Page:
Boston – Affecting more than 7 million adults in the United States, gout is characterized by a sudden onset of pain, swelling and stiffness in the joints and caused by the formation of urate crystal in small spaces between joints that builds up when high amounts of uric acid circulate in the blood. While gout is linked to consuming some foods, including red meat, seafood, and alcohol, it is also a common complication of blood pressure management and a frequently cited reason patients don’t take their medication as directed. However, few studies provide guidance for physicians selecting antihypertensive medications for patients at risk for gout.
A new study led by physician-researchers at Beth Israel Deaconess Medical Center (BIDMC) reports that the antihypertensive drug amlodipine lowered long-term gout risk compared to two other drugs commonly prescribed to lower blood pressure. The findings are published in the Journal of Hypertension.
“Our study is clinically relevant as the prevalence of gout has been rising in the United States and the number of Americans meeting newly-revised diagnostic thresholds for hypertension has doubled,” said corresponding author Stephen Juraschek, MD, PhD, Assistant Professor of Medicine at BIDMC. “Our study demonstrated that amlodipine was associated with a lower risk of gout compared with chlorthalidone or lisinopril, which has never been reported prior to this study.”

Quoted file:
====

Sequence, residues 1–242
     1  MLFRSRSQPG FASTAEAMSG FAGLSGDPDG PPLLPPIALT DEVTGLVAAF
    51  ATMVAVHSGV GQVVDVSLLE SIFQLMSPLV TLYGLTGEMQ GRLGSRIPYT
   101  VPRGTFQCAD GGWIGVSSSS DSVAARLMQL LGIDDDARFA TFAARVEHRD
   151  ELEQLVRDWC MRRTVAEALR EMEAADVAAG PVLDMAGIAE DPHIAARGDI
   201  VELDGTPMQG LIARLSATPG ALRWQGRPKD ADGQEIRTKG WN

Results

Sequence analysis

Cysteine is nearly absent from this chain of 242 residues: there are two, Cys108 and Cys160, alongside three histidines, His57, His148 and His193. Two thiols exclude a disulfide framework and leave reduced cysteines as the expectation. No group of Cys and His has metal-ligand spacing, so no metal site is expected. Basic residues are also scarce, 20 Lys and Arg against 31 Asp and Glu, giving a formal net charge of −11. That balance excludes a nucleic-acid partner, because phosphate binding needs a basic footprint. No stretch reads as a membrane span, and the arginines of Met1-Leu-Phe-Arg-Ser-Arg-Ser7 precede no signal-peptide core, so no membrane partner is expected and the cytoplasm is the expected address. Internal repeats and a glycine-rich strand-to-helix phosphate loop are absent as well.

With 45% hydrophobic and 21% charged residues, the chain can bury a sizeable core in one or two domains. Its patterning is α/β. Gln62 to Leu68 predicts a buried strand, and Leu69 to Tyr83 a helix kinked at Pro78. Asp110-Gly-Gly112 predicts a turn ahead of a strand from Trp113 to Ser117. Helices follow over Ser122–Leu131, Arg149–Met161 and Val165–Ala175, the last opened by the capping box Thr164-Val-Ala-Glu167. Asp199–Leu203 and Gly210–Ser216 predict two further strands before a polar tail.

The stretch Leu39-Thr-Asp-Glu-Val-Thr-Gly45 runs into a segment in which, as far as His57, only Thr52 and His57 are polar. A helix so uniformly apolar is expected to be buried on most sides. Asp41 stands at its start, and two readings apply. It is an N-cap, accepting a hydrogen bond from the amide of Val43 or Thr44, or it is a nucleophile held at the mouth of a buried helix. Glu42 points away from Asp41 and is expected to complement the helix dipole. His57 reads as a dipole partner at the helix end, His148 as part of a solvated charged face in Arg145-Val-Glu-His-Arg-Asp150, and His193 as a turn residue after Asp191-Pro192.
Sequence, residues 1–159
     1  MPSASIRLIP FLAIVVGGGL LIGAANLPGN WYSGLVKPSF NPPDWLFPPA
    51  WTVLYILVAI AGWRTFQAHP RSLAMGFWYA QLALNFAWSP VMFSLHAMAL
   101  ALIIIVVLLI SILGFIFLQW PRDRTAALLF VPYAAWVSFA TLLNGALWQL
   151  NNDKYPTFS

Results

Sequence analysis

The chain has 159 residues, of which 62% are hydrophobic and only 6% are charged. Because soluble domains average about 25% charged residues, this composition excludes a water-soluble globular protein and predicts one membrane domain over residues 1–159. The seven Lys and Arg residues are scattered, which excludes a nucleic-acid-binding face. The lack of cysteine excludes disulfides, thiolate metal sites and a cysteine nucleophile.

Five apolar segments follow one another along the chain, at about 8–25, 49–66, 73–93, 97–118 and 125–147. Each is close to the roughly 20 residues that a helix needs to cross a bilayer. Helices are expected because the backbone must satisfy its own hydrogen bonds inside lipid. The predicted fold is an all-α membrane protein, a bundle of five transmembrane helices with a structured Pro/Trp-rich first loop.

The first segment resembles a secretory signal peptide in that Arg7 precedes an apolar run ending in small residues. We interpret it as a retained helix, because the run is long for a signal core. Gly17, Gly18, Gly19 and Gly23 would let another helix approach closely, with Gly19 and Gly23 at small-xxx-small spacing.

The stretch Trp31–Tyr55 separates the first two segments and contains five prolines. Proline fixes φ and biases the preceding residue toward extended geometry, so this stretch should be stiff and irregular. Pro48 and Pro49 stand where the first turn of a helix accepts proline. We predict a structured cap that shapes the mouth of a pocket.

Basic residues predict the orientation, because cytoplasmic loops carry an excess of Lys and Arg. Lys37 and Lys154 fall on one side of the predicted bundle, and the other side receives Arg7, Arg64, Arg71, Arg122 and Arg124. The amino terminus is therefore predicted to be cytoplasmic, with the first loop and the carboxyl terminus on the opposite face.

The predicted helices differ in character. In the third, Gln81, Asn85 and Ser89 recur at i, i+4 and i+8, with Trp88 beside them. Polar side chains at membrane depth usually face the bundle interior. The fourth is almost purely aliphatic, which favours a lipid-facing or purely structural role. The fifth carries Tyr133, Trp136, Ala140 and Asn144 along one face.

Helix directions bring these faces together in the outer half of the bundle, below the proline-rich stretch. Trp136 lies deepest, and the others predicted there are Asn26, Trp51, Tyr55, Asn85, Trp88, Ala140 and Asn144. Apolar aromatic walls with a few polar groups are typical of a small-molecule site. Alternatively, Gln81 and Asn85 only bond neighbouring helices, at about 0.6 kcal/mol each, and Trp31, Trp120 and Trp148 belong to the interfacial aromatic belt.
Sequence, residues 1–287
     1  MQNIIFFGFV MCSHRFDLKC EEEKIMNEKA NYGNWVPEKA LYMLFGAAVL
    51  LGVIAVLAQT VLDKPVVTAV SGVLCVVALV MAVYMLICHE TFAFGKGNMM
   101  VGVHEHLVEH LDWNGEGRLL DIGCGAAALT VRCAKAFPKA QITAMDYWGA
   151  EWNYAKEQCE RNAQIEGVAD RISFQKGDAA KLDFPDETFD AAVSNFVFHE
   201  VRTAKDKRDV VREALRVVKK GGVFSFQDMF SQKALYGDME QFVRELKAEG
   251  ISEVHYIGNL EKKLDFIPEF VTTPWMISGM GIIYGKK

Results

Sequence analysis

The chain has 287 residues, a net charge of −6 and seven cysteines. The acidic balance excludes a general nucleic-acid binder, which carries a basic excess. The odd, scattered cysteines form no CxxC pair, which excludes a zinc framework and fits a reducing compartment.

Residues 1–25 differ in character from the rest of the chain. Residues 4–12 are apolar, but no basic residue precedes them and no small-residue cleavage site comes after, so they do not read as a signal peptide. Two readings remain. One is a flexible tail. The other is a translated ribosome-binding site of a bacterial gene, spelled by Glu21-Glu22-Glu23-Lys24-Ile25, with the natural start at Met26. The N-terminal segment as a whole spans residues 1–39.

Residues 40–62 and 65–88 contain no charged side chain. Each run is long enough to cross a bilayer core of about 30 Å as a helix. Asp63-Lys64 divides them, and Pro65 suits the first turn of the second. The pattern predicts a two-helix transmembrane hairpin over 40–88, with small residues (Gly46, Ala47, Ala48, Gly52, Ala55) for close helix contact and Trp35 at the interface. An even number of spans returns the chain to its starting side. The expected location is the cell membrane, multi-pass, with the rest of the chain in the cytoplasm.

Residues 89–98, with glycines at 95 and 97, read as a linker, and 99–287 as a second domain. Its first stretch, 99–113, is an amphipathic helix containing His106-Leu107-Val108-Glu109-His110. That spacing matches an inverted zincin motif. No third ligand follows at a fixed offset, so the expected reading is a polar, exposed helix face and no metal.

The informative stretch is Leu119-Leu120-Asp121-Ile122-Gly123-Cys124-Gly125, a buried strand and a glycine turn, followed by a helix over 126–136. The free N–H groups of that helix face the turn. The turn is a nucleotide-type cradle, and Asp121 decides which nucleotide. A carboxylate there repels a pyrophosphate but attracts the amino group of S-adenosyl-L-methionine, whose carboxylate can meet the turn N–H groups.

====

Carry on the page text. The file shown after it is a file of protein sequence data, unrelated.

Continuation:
Juraschek and colleagues conducted a secondary analysis of the data generated by the Antihypertensive and Lipid-Lowering Treatment to Prevent Heart Attack Trial (ALLHAT). This clinical trial evaluated the effect of common blood pressure drugs on cardiovascular outcomes in more than 20,000 participants treated at 623 medical centers in North America between 1994 and 2002.
“Further research is needed to confirm these findings,” said Juraschek. “Other health outcomes, such as heart failure, should also be considered with choosing a blood pressure drug.”
In addition to Juraschek, authors included Robert H. Shmerling, MD, Jennifer L. Beach, MD, and Kenneth Mukamal, MD, MPH, MA, all of BIDMC; Kara M. Simpson, PhD, and Barry R. Davis, MD, PhD, of the Health Science Center at Houston at the University of Texas.
This work was supported by a grant from the National Institutes of Health/National Heart, Lung and Blood Institute (K23HL135273). The authors have no conflicts of interest to report.